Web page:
'Facing conservation' or 'conservation with a human face'? People-park interactions in southern Ethiopia

'Facing conservation' or 'conservation with a human face'? People-park interactions in southern Ethiopia

Author: 
Genaye Tsegaye
Place: 
Oxon
Publisher: 
Taylor & Francis Group
Date published: 
2017
Record type: 
Responsibility: 
Dondeyne, Stefaan, jt. author
Mulugeta Lemenih, jt. author
Abraham Marye, jt. author
Nyssen, Jan, jt. author
Deckers, Jozef A., jt. author
Journal Title: 
Journal of Eastern African Studies
Source: 
Journal of Eastern African Studies, Vol. 11, No. 2, May 2017, pp. 290-309
Abstract: 

Whereas some conservationists argue that 'people-oriented approaches' failed to achieve conservation goals, Nechisar National Park presents a case where 'strict conservation approaches' have at best been only partly successful. Nechisar National Park, heralded as a success in the 1990s, today shows a collapsed population of the endemic Swayne's hartebeest and severe degradation of the emblematic grasslands of the plains. The park is also heavily under pressure from firewood collectors and fish stocks have plummeted. Drawing on the concepts of 'indirect' and 'direct' costs/benefits of conservation areas - as proposed by Richard Bell - we wanted to get beyond the 'strict' versus 'people-oriented' conservation debate. Based on semi-structured interviews (12 women, 4 men) and oral testimonies (19 women, 17 men) we analyse how access to natural resources evolved under different political regimes and conservation strategies. The strict conservation approach resulted in strong opposition against the park. By considering both the 'indirect' costs (such as loss of land) and the 'direct' costs' (such as historical and cultural ties with the land) important insights for a conservation strategy with a 'human face' could be gained. Conservation with a human face will require: first formally involving the local people in the management of the park; second, that the historical rights of the pastoralists and the farmers over the area, as well as the legitimacy of their grievances with regard to the past management, are recognised. Such a new conservation strategy will however require political commitment and strong institutions at all levels.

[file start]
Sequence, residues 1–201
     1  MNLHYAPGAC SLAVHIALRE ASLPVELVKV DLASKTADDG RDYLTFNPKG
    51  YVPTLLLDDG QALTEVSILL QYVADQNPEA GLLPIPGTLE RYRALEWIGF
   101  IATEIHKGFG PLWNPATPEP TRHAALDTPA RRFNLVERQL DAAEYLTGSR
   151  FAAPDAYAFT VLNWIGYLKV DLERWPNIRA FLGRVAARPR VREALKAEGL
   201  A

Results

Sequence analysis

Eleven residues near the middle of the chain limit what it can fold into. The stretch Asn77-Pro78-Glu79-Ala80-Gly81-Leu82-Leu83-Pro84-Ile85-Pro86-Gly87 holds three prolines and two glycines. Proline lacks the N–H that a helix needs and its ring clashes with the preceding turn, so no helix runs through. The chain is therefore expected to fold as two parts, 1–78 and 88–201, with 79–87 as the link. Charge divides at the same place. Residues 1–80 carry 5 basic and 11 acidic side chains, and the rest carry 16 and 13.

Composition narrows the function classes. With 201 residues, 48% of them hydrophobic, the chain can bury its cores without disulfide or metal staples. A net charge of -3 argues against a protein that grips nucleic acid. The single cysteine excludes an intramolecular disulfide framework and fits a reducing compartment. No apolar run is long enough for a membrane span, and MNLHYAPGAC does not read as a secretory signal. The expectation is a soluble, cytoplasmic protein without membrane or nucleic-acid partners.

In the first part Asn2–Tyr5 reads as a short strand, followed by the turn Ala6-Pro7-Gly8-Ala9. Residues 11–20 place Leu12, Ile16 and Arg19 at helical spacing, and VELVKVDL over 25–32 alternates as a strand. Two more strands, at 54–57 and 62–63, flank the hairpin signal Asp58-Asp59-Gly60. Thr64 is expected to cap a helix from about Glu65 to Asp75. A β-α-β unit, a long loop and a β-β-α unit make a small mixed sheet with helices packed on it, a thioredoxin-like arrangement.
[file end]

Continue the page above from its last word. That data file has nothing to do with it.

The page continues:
Language: 
Country focus: 

CITATION: Genaye Tsegaye. 'Facing conservation' or 'conservation with a human face'? People-park interactions in southern Ethiopia . Oxon : Taylor & Francis Group , 2017. Journal of Eastern African Studies, Vol. 11, No. 2, May 2017, pp. 290-309 - Available at: http://library.au.int/facing-conservation-or-conservation-human-face-people-park-interactions-southern-ethiopia